23 Sep 2014
The World Health Organisation is warning that the Ebola outbreak in West Africa could become a public health catastrophe if not brought under control soon.
A study undertaken jointly by WHO and the Imperial College, London, estimates that up to 20,000 people in Liberia , Sierra Leone and Guinea could become infected with the Ebola virus by November this year.
The study says that unless control measures – including improvements in contact tracing, adequate case isolation, increased quality of care and capacity for clinical management, greater community engagement, and support from international partners – improve quickly, the three worst affected countries will soon be reporting thousands of cases and deaths each week.
The current outbreak in West Africa has already claimed more than 2,800 lives and infected more than 5,800 people.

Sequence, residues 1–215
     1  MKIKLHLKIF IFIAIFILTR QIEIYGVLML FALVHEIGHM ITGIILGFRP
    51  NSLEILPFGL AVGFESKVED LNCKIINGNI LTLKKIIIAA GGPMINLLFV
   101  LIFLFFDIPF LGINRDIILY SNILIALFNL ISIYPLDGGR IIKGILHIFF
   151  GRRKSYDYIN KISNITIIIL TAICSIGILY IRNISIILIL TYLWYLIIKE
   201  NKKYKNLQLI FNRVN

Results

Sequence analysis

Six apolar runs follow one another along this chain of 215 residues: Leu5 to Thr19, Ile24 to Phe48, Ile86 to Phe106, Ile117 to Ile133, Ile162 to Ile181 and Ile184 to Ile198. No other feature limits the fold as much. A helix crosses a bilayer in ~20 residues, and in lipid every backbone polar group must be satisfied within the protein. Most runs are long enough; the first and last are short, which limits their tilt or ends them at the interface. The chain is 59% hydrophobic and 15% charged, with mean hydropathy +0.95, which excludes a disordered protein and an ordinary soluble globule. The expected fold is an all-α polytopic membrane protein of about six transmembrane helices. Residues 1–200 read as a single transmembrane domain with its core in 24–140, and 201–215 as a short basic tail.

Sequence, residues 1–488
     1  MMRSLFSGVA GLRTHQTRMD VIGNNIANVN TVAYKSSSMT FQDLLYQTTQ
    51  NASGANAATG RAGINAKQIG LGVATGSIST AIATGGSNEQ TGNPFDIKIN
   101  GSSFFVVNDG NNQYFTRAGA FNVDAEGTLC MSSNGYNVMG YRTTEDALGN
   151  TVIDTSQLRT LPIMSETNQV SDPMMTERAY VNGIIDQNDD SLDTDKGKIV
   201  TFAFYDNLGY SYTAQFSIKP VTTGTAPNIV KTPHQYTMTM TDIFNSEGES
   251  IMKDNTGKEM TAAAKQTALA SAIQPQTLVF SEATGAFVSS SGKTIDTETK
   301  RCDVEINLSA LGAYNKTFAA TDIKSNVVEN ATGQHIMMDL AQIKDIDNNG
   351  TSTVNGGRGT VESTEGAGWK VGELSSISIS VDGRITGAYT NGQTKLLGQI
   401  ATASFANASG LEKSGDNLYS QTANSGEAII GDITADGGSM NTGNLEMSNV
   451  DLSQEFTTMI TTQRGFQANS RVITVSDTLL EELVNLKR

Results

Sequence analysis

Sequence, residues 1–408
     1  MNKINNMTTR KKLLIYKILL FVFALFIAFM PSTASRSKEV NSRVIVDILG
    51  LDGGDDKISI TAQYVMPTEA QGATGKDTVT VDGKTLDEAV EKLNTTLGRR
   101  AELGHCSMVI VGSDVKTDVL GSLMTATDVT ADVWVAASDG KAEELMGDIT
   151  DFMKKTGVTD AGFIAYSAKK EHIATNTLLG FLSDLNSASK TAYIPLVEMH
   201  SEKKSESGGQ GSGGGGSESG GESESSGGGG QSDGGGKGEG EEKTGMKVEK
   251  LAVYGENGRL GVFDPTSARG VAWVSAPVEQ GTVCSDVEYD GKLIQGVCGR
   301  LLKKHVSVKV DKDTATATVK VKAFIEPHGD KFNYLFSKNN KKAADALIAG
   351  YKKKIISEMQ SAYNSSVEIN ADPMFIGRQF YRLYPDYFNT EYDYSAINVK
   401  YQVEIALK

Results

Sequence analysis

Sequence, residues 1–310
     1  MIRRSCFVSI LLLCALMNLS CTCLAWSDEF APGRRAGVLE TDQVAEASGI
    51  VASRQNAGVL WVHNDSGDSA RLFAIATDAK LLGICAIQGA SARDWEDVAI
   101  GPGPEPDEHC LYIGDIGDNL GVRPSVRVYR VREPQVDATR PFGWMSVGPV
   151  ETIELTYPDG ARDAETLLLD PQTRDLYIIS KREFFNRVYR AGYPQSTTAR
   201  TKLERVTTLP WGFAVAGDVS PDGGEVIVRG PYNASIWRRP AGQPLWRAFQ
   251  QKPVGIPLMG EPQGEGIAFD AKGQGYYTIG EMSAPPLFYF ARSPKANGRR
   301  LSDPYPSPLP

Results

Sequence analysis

Dr Christopher Dye, is the Director of Strategy for WHO.
“If we don’t do anything immediately, then the exponential growth that has been forecast will continue and we will have not a few thousand cases, but probably tens of thousands of cases. If control is complete successful in the way that we know it can be, then Ebola will disappear from the human population of West Africa. But that is the hope that that’s is the direction were are going in. thirdly is something between the two that the control efforts are partial and that Ebola virus disease in the human population becomes a permanent feature of life in west Africa and clearly we are hoping that’s not going to happen.”
The study notes that although experimental therapeutics and vaccines offer promise for the future, they are unlikely to be available in the quantities needed to make a substantial difference in control efforts for many months, even if proven to be safe and effective.
Patrick Maigua, United Nation, Geneva.